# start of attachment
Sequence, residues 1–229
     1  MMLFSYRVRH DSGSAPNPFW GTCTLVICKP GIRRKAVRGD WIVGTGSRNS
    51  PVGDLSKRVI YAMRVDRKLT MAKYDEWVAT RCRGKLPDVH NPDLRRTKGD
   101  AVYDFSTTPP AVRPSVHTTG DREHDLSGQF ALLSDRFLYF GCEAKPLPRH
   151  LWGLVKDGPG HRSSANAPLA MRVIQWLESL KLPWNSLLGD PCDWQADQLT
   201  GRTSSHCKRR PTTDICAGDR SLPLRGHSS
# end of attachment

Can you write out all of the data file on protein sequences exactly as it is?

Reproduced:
Sequence, residues 1–229
     1  MMLFSYRVRH DSGSAPNPFW GTCTLVICKP GIRRKAVRGD WIVGTGSRNS
    51  PVGDLSKRVI YAMRVDRKLT MAKYDEWVAT RCRGKLPDVH NPDLRRTKGD
   101  AVYDFSTTPP AVRPSVHTTG DREHDLSGQF ALLSDRFLYF GCEAKPLPRH
   151  LWGLVKDGPG HRSSANAPLA MRVIQWLESL KLPWNSLLGD PCDWQADQLT
   201  GRTSSHCKRR PTTDICAGDR SLPLRGHSS